Right to language and culture

Using your rights

What you can do about language-based discrimination

You should firstly keep a record of incidents you find offensive. It's also a good idea to talk it over with someone you trust and who will keep the information confidential. This may help clarify your best course of action.

You should firstly keep a record of incidents you find offensive. It's also a good idea to talk it over with someone you trust and who will keep the information confidential. This may help clarify your best course of action.

Speak to the person who is harassing you and tell them you want them to stop, otherwise you will complain. You can do this in person, in a letter, or with a union or other representative. If this doesn’t work, or is inappropriate, you can seek advice and assistance from:

  • a racial harassment contact person (many workplaces have a harassment policy)
  • a manager or school counsellor
  • the Human Rights Commission
  • your union representative or a lawyer
  • a professional disciplinary body
  • the police
  • the Employment Relations Service (if you have been harassed at work).
  • Phone 0800 20 90 20.

Other organisations and individuals who can help you with initial advice and clarification include your local Member of Parliament or Community Law Centre.

What the Commission can do

We can advise you on whether your complaint is covered by the Human Rights Act and if it is we can help with mediation.

If mediation doesn’t work, we can advise you on your legal options. Learn more in our Enquiries, Complaints and Support section, or call our Infoline on 0800 496 877. Our service is free and confidential.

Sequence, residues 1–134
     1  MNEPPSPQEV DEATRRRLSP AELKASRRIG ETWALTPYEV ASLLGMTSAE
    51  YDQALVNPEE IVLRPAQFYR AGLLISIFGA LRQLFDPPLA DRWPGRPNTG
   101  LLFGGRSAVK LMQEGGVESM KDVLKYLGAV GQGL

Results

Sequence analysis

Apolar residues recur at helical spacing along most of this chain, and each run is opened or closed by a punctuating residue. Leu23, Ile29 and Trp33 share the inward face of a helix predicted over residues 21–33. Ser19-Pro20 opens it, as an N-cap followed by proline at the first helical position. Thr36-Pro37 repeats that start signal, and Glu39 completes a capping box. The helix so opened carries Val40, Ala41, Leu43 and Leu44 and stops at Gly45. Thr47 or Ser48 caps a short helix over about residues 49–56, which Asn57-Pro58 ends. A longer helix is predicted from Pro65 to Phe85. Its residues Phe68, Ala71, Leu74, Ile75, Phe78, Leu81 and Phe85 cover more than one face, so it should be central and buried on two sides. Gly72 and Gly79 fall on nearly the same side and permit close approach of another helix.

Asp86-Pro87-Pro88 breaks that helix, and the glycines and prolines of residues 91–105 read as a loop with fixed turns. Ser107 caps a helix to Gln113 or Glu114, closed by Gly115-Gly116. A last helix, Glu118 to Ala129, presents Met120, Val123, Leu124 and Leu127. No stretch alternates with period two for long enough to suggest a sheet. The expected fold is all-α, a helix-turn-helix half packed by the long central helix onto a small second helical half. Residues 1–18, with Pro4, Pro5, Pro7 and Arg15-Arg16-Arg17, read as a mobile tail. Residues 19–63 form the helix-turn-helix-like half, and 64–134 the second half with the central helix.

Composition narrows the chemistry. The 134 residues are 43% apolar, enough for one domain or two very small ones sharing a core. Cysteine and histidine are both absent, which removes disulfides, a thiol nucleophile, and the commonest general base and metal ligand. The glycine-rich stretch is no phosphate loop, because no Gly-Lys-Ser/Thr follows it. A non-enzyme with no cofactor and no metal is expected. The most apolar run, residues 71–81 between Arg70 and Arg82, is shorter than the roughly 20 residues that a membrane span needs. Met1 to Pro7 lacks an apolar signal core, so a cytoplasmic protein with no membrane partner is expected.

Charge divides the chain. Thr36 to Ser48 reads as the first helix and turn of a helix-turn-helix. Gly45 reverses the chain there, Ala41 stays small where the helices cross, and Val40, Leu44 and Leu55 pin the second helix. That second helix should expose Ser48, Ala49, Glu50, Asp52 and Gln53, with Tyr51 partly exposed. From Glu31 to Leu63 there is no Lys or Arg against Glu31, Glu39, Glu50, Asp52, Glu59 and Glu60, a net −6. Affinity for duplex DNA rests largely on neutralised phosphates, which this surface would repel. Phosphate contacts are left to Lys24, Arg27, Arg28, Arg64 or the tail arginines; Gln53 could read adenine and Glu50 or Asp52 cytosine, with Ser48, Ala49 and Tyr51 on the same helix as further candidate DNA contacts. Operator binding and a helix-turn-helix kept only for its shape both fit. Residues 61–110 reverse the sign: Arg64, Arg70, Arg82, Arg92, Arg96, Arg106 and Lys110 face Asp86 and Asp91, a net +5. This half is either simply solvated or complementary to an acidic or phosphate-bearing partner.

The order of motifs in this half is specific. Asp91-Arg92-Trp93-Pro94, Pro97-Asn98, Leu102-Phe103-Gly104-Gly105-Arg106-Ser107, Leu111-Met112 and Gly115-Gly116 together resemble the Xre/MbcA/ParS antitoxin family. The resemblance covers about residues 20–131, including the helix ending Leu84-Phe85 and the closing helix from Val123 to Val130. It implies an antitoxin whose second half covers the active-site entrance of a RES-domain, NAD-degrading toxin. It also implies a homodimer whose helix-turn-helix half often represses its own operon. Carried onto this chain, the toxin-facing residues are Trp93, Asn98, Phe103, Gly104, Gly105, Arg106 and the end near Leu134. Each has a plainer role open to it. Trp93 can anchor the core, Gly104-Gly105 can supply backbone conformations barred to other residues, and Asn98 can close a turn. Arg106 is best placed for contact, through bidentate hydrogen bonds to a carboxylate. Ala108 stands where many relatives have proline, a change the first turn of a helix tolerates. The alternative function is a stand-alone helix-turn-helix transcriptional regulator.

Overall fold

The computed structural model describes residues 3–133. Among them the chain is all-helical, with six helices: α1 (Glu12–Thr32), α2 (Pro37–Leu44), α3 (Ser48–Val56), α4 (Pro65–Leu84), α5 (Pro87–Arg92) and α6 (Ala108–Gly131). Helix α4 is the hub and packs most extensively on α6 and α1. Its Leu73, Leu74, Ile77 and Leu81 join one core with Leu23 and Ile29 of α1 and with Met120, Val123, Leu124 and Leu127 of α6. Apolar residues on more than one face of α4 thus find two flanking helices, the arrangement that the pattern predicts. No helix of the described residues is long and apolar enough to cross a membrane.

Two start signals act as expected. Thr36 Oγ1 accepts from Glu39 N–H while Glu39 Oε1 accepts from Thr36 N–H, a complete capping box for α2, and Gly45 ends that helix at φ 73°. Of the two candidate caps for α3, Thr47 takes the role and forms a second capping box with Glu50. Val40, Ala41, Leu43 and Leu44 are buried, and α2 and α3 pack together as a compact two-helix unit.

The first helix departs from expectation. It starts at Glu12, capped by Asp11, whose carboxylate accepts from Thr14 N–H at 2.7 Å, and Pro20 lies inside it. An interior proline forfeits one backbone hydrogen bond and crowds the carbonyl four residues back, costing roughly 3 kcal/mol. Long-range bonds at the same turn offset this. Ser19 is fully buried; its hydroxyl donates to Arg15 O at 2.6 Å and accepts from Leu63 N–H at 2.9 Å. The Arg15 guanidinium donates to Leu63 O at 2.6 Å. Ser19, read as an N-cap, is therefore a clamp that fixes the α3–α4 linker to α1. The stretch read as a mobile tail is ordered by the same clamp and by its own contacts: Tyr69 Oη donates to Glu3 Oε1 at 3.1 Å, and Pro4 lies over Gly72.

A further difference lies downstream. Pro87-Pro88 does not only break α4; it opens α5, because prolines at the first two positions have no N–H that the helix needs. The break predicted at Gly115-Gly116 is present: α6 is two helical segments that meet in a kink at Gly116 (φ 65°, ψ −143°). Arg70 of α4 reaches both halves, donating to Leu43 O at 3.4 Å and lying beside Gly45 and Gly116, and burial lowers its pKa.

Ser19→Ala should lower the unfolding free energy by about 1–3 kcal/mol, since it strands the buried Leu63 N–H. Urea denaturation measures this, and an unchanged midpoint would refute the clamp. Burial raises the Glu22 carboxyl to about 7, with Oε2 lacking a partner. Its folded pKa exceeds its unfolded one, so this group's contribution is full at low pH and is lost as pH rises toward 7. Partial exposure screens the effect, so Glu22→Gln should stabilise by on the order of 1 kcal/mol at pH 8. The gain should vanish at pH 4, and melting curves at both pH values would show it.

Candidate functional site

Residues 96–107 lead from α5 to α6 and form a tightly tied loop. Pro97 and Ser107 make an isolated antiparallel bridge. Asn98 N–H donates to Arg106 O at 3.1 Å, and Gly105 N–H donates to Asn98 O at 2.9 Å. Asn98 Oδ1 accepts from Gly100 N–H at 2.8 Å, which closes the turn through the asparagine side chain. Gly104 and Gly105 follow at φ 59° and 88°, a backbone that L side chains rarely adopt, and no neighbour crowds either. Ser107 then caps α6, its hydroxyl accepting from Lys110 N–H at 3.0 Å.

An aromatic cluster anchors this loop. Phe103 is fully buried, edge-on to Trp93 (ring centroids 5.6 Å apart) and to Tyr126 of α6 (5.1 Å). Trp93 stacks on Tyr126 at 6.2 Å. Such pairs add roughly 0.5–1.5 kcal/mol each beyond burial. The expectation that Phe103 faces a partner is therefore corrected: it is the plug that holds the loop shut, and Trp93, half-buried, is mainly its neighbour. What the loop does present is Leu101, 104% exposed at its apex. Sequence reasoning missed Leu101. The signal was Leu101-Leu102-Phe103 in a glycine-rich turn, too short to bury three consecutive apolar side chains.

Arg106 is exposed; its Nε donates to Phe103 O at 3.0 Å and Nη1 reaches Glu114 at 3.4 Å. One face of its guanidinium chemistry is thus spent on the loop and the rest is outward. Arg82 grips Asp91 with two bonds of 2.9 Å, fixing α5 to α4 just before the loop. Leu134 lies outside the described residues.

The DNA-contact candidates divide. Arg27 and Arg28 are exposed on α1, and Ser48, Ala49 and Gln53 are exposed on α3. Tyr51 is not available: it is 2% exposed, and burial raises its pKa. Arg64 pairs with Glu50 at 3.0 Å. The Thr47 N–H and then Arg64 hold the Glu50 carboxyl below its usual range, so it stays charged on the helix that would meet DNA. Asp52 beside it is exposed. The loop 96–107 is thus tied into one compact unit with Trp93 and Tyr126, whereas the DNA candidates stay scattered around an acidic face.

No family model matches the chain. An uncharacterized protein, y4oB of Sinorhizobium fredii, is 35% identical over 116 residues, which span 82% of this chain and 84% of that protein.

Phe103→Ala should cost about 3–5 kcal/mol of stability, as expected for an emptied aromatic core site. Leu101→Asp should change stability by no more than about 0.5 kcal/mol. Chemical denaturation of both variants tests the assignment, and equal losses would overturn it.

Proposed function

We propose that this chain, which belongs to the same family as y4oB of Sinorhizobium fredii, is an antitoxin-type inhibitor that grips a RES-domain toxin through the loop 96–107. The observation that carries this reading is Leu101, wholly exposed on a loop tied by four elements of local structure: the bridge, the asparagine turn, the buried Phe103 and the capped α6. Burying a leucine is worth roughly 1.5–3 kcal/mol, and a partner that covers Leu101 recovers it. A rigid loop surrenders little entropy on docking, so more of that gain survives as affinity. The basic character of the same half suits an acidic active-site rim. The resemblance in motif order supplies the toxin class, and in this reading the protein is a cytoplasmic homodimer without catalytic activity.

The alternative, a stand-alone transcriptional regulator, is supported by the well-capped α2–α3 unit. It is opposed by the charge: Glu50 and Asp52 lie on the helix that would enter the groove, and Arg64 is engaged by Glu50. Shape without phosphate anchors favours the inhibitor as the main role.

The main focus of our service is on resolving disputes involving unlawful discrimination, such as on the grounds of age, gender, ethnicity, or disability. But we can also help you with advice on broader human rights issues.

What happens if you think your human rights have been breached

If you think you have suffered a breach of your human rights, our Enquiries, Complaints and Support section has more information about how we can help, and your options.

If your complaint involves discrimination and we cannot resolve it informally, you will be entitled to ask the Office of Human Rights Proceedings to provide you with free legal representation.

If you have further questions about the laws that protect your rights you can view our Frequently Asked Questions section or read the Resolving Discrimination and Harassment Guide.

Language rights at work

Under the Human Rights Act, it is unlawful for an employer to treat an employee less favourably because of their ethnicity or national origin. Someone’s first language is usually related to their ethnicity so if an employer tries to stop someone from using their first language, that may be discrimination. Read more here.

The Commission has also published an information sheet on this issue called English language only’ policies in the workplace.

Celebrating your rights

New Zealand is one of the most ethnically diverse nations on earth. The Commission facilitates a number of events that allow you to celebrate our nations diversity: